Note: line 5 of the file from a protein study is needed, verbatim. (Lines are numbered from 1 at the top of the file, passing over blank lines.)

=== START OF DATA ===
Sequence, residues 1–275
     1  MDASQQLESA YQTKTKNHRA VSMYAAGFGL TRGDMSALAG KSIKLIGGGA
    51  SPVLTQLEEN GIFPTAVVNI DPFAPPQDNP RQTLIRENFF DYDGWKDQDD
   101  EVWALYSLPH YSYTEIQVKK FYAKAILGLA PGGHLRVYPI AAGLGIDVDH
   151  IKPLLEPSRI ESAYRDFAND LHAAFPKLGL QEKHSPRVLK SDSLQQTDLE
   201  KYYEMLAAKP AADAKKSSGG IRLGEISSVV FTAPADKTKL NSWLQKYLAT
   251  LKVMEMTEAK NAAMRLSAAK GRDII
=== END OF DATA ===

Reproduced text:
   151  IKPLLEPSRI ESAYRDFAND LHAAFPKLGL QEKHSPRVLK SDSLQQTDLE